Calvin Thompson, a 2014 graduate of Brookline High School, will be a freshman at Duke in the fall.

Singing in the Snow: Storms Produce Strength

by Margarita Ren

mren_dartmouth

Titanium poles and I stand on a deserted Manhattan street corner. My parents, neighbors, even taxi-drivers, are inside, freezing despite roaring generators, as they wait for the blizzard to pass. Outside, I am wet, quivering as winds whip through triple-layered socks. I’ve forgotten circulation. The sixteen-inch snow, illuminated by street-lamp glow, forges an aurulent midnight sky. Here, I am at my warmest. Though quivering in the cold, my senses are forced open to the vibrancy around me. I am galvanized and secured by the adrenaline of the unique discovery: in vulnerability lies strength.

I find similar comfort in my volunteer work in Mount Sinai’s in-patient Recreational Therapy, for the hospital is a constant storm. I’m struck with the building’s vibrato in the white walls and constantly-moving wheelchairs and stretchers. The doctors stride through collected, inspired, but the patients only wait for everything to pass.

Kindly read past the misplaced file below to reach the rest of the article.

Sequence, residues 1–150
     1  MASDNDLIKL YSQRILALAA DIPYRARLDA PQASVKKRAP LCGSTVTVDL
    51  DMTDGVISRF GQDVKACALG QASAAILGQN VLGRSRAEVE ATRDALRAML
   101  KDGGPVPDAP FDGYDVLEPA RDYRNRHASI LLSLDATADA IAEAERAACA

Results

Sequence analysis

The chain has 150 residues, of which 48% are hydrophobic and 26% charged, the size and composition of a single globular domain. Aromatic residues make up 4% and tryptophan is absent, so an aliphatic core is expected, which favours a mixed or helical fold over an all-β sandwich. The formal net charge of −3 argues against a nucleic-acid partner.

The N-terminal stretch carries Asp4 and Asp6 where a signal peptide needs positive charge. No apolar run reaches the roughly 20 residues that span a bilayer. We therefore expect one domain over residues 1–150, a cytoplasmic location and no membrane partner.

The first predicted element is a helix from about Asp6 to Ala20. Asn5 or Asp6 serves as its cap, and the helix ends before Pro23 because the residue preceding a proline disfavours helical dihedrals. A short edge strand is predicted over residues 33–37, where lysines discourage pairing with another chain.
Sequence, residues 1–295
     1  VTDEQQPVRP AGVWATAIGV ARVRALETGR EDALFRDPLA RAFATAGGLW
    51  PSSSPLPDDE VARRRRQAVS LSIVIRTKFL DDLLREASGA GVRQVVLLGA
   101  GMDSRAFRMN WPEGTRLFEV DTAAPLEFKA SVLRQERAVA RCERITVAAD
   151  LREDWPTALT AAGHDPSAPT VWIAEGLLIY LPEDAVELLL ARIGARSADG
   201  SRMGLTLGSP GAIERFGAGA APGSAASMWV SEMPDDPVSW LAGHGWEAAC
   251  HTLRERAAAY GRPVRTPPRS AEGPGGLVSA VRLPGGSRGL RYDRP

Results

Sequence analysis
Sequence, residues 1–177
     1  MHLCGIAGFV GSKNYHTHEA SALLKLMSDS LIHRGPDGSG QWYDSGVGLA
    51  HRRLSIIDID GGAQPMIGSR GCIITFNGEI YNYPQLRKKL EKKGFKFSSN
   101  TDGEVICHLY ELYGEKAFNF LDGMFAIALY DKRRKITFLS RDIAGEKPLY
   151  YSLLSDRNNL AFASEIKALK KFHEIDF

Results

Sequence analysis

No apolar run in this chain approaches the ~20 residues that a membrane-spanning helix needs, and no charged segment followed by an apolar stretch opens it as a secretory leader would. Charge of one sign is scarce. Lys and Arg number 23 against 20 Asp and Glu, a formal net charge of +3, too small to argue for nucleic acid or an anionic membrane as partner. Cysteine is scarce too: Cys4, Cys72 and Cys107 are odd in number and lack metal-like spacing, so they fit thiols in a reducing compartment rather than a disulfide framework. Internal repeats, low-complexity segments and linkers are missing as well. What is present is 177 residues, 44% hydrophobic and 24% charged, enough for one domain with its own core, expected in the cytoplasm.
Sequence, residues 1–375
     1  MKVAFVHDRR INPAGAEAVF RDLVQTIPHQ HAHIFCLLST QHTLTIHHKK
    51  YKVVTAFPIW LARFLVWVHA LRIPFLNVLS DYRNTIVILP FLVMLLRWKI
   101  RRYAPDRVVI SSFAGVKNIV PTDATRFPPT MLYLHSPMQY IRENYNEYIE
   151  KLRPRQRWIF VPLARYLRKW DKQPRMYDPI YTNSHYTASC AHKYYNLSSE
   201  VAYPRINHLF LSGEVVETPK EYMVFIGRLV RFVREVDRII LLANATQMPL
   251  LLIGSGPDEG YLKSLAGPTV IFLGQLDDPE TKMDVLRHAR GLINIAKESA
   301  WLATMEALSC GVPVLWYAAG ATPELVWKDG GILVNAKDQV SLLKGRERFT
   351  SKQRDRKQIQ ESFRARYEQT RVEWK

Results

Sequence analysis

One of them is Jamie. When we first met, she was applying fuchsia lipgloss through tired eyes. A loud pink teddy-bear sat on her windowsill exhibiting her successful entrepreneurship while the hospital’s Billboard Top Ten playlist cycled carelessly in the background.

“Last Friday Night” plays as I wheel Jamie into her room.

“Should I call your nurse?”

“I can get into bed myself.” She tries to push herself up, but falls back into the seat, crying.

“Let me find help.”